Thousands of international students and scholars have been receiving IRS notices informing them that they are being denied withholding credit amounts when they file their Form 1040-NR. This situation has once again shed light on an oft-overlooked filing requirement of colleges – Form 1042-S.
The CFO at Marathon Bible College (MBC) has a question regarding scholarships to international students. MBC is a private college that is exempt under Internal Revenue Code section 501(c)(3) and 170(b)(1)(A)(ii). The CFO calls us to ask whether scholarships that MBC provides to international students who are nonresident aliens should be taxed and, if so, do they get a Form W-2?
Our answer is that “it depends”. We ask the CFO if they provide scholarships for amounts other than tuition and educational fees – things like room and board, travel, and/or iPads.
From the Form 1042-S Instructions:
Amounts Subject to Reporting on Form 1042-S…
Students, teachers, and researchers. Amounts paid to foreign students, trainees, teachers, or researchers as scholarship or fellowship income, and compensation for personal services (whether or not exempt from tax under an income tax treaty), must be reported.
From Internal Revenue Code Section 117(b)(2):
Qualified tuition and related expenses.
For purposes of paragraph (1) , the term “qualified tuition and related expenses” means-
(A) tuition and fees required for the enrollment or attendance of a student at an educational organization described in section 170(b)(1)(A)(ii) , and
(B) fees, books, supplies, and equipment required for courses of instruction at such an educational organization.
So, put plainly…
Qualified expenses include tuition, matriculation fees, books, supplies, and equipment required for coursework. To be qualified, a scholarship or grant must be for qualified tuition and related expenses of a degree candidate at an educational institution.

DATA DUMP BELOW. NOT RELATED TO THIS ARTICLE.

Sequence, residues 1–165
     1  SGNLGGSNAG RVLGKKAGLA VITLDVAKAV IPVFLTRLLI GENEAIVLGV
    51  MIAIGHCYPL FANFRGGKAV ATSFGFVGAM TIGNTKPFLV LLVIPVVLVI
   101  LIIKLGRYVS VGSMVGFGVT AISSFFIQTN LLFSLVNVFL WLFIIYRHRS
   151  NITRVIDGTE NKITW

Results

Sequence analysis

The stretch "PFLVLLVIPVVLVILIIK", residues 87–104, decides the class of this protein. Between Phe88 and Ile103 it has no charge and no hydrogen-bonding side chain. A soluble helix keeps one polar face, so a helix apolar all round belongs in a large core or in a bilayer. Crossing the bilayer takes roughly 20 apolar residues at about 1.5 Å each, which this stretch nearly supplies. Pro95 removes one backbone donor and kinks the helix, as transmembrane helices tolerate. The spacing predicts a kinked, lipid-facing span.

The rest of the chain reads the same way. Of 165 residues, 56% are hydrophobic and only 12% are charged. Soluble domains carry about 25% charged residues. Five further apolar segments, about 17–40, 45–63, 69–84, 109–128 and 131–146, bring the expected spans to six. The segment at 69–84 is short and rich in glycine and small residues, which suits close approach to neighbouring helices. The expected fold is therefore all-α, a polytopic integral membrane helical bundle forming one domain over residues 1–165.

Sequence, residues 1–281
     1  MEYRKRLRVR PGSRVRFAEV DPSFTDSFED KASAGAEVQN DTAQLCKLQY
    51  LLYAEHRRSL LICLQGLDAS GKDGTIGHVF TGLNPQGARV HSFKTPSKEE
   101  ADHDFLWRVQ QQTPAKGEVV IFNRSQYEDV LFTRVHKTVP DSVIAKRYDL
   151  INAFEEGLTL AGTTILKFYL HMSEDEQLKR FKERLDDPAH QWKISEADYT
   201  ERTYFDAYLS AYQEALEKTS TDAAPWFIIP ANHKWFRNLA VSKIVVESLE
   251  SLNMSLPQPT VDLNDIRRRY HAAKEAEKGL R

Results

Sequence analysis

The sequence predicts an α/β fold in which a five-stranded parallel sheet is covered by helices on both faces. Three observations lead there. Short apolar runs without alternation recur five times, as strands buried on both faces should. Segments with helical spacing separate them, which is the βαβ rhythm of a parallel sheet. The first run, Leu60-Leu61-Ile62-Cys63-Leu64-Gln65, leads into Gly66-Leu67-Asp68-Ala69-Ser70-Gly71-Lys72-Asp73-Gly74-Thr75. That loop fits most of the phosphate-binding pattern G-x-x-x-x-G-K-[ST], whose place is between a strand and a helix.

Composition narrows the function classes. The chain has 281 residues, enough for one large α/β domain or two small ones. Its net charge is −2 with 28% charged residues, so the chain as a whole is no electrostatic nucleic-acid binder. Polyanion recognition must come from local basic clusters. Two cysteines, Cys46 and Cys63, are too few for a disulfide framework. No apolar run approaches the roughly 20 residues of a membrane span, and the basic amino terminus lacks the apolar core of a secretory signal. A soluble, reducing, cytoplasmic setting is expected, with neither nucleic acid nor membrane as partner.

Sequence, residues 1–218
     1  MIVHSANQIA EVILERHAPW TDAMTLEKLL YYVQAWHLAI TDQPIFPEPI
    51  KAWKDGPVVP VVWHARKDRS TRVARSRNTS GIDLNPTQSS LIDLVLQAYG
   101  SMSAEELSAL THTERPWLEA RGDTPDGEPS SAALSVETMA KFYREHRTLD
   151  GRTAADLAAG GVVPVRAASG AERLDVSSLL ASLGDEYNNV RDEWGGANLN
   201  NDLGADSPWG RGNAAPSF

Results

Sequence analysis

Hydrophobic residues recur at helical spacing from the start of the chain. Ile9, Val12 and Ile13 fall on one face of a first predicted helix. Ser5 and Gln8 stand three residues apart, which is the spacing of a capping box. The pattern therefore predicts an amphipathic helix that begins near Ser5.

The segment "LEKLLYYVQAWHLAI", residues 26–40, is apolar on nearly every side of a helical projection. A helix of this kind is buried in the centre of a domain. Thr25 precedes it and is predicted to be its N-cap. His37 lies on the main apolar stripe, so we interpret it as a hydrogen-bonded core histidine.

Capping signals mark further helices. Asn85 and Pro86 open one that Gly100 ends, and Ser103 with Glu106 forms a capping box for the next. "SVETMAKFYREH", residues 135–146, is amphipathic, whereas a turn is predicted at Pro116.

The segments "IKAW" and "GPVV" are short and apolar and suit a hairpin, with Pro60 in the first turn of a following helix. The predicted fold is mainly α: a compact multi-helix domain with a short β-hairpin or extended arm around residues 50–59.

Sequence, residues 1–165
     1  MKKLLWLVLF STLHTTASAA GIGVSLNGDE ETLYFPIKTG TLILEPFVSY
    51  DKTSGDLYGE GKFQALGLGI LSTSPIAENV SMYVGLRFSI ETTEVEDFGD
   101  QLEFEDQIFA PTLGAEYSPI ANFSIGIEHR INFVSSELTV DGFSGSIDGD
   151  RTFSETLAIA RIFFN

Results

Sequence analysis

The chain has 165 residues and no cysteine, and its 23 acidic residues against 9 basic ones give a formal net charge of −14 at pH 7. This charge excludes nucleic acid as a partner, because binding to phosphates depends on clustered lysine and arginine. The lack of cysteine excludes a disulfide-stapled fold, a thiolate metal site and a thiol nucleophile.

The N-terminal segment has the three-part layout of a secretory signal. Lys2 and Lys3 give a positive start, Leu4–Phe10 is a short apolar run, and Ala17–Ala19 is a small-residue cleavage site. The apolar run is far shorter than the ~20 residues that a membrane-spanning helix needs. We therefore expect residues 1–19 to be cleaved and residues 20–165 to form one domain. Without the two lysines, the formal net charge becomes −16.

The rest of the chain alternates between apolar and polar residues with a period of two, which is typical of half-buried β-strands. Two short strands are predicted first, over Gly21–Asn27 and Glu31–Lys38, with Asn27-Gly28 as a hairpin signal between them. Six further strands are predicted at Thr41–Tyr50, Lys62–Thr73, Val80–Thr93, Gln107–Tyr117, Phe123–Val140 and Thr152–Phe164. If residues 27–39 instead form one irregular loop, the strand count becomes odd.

Room and board, travel costs, incidental expenses, equipment, and other academic or research-related expenses that are not required for enrollment, attendance, or fulfillment of mandatory coursework are not considered qualified expenses (and thus are taxable to the recipient).
Recently, the IRS held up refunds and/or disallowed withholding for international students due to issues with processing Form 1042-S. The IRS needs to acknowledge that they are trying to do too much with this form. There is a proposal floating around about instituting a “simplified” Form 1042-E – just for higher ed. We will continue to update you on this issue. As always, it would be wise to consult with a qualified tax advisor on these issues.
Specific questions? Email Dave Moja.
The information provided herein presents general information and should not be relied on as accounting, tax, or legal advice when analyzing and resolving a specific tax issue. If you have specific questions regarding a particular fact situation, please consult with competent accounting, tax, and/or legal counsel about the facts and laws that apply.